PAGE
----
ARNOLD AIR FORCE BASE, Tenn. – Young engineers are often expected to know aspects of the job they may not yet be familiar with, and one of the biggest challenges they face is pinpointing where to find answers to their questions or identifying the best person to ask, according to Austin Voorhes, a senior mechanical design engineer at Arnold Air Force Base.
To help newer engineers acquire some of the skills and fundamentals needed, Voorhes several years ago established “lunch and learn” sessions at Arnold. Since he undertook this effort, more than 100 lunch and learn sessions covering an array of topics have been held.
Leadership with National Aerospace Solutions, the Test Operations and Sustainment Contractor at Arnold AFB, has recognized Voorhes as a Significant Contributor for developing and leading the lunch and learns on base.
Voorhes describes a lunch and learn as a group of folks who gather together on their own time over lunch to learn about a topic of professional interest.
It was an experience at the architect and design firm where Voorhes worked prior to coming to AEDC a little more than 10 years ago that inspired him to start the lunch and learns at Arnold. The firm experienced very rapid growth, and Voorhes was the first new graduate hired of what ended up being a surge of 200 engineers hired into a department with around 100 experienced engineers.
The response of this firm was to offer extensive training to the influx of new and young engineers. Voorhes said the engineers spent “just about every lunch” in a vendor lunch and learn presentation, in a book club reviewing technical texts related to the job, or in a more formal class setting.
A few years ago, the Design Engineering department at Arnold AFB acquired several new mechanical engineers. Voorhes recalled his experience as a young engineer and how helpful the lunch and learns were for him. He took steps to develop a similar program to benefit new and young engineers at Arnold.
“Remembering how school did not really prepare me to do anything specifically useful and how lunch and learns were used to bridge the gap between specific practical skills and my education, I tried the same thing,” Voorhes said. “It started tentatively with two of the new graduates and their mentor, then the rest of the new graduates and our intern at the time and then a few older engineers. As the topics were relevant, engineers from test or maintenance organizations would attend.”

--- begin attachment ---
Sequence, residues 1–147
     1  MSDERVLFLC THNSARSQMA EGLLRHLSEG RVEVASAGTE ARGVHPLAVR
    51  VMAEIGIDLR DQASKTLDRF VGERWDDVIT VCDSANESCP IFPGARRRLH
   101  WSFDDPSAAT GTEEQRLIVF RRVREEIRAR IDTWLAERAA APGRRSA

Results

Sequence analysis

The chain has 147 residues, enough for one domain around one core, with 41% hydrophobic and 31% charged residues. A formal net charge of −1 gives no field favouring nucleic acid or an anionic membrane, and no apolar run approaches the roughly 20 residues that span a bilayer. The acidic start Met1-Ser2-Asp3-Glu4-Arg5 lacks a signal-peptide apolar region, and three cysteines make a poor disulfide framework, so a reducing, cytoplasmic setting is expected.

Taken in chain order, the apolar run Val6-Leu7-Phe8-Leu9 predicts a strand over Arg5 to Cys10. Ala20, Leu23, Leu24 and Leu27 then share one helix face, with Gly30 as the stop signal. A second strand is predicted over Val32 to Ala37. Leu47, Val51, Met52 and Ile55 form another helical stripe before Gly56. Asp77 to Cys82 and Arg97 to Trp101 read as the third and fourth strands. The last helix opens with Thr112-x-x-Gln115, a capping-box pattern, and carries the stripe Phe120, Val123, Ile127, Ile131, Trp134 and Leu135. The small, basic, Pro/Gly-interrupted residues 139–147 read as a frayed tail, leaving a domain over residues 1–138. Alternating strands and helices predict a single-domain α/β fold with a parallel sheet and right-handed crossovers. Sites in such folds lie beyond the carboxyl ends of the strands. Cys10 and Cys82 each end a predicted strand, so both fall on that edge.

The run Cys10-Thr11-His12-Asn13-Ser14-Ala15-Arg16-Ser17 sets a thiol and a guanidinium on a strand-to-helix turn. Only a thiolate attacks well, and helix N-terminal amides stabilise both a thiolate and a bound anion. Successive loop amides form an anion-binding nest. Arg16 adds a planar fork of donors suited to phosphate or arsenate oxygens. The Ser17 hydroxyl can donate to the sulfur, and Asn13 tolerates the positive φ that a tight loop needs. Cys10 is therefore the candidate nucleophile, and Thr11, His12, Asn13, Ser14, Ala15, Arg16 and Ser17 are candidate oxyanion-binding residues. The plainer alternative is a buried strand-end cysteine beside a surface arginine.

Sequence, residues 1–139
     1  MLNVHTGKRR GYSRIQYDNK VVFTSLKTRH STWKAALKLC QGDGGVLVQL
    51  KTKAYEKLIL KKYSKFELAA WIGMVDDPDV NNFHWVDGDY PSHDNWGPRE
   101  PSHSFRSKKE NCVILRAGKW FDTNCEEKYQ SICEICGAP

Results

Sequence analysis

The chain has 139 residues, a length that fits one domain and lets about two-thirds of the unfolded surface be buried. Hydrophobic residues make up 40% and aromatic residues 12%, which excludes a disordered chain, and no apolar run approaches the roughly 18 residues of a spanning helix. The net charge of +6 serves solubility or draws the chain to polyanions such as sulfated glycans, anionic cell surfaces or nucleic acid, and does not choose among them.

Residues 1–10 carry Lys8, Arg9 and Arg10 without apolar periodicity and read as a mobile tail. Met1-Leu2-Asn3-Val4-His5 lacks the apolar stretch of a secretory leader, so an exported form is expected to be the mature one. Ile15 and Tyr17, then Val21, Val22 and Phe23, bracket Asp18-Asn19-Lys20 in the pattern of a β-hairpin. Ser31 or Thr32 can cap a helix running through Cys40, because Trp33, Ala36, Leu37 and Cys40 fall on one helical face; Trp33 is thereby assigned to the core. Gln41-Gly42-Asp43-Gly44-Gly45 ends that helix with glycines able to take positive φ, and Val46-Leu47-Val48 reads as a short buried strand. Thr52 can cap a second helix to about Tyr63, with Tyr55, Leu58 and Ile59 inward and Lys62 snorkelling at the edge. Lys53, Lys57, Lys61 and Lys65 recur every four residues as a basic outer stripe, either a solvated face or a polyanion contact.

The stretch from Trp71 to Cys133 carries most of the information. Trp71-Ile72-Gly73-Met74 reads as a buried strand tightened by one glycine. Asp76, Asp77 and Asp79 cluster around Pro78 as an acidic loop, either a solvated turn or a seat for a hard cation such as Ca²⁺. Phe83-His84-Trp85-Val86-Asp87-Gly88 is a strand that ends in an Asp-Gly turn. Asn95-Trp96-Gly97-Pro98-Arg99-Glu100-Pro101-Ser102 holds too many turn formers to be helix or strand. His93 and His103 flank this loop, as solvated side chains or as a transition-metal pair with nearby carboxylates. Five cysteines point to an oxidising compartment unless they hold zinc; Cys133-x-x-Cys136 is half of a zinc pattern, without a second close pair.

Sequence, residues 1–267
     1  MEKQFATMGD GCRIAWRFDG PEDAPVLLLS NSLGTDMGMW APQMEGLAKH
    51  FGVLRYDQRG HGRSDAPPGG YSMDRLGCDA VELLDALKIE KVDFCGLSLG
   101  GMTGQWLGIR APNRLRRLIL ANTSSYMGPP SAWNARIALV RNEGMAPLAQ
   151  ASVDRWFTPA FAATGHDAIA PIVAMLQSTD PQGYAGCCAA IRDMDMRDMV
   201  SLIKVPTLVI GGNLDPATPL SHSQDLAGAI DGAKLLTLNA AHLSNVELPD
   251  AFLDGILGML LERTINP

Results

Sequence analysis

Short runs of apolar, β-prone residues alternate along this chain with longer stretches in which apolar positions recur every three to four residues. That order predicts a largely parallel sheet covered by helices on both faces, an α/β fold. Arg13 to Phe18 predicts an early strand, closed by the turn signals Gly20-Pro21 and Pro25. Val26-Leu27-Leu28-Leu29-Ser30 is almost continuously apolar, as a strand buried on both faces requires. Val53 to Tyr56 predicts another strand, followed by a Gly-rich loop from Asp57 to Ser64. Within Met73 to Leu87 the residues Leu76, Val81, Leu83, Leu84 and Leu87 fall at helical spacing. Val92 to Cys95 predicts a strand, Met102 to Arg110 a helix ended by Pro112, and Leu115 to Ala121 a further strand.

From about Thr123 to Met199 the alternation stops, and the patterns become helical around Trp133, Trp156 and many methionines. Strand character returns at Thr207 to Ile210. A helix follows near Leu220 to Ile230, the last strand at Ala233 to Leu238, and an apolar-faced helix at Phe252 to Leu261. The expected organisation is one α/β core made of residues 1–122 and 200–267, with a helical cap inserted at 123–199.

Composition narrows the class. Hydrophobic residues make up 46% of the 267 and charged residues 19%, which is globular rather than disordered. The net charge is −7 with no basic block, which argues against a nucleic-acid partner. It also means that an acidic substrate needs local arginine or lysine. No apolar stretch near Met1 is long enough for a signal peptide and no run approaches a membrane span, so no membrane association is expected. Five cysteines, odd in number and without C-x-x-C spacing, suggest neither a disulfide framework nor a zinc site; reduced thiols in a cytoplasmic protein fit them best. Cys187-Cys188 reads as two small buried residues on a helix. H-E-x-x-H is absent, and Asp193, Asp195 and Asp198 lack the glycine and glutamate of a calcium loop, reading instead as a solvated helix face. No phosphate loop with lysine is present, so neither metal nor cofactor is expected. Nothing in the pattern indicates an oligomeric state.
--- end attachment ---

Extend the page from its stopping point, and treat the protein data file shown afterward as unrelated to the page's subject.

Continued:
The first session of this lunch and learn series led by the Design Engineering team was held May 29, 2015. More than 125 sessions have since been held. Nearly all the sessions, which take place roughly once per week, have been led by Voorhes.
“Austin has a special talent for teaching engineering topics and readily identifies with our junior engineers and summer interns,” said Bruce Dean, Voorhes’ supervisor and section manager for Design Engineering. “His ability to distill complex technical subjects into useful terms and equations for a real-world working environment has advanced the timetable for assimilation of these engineers into our fully-functional workforce.”
Topics for the lunch and learns have included a review of flow formulas and Bernoulli’s Theorem, types of pipe fittings, typical piping welds, writing technical reports, valve classes, an overview of gaskets, compressed air safety, and engineering communications.
The typical attendance for a lunch and learn is 15 to 20 people, according to Voorhes. Both contractor and Air Force personnel regularly attend these sessions. The lunch and learns are usually held in the conference room of Building 1103, otherwise known as the Carroll Building, unless the class period is used to tour an area of the base.
Voorhes said he has two goals for the lunch and learns, adding these goals are dependent on the topic covered. He said one goal is to impart specific practical skills, such as how to size a cavitation flow orifice or how to size a socket weld.
“The other goal is to give an overview of a complicated topic to let engineers get a general understanding of a topic and know that tools exist to work with that topic,” Voorhes said.
George Fry, functional manager for NAS Design Engineering, said engineering resources often become focused or specialized to address a specific need for the base. Because of this, continuous development is critical in maintaining the overall technical capability and agile engineering workforce at AEDC.
“While the lunch and learn program was initiated to accelerate the newer engineers’ progress up the learning curve, it also provides an important opportunity for more seasoned engineers to refresh technical skills that they may not have used for a while,” Fry said. “Austin’s engagement and ownership of this program is an example of leadership being a character trait, not a position on an org chart.”
The next lunch and learn will be Aug. 8 beginning at 11:03 a.m. in the Carroll building. The topic will be “Reading Pressure Regulator Curves.”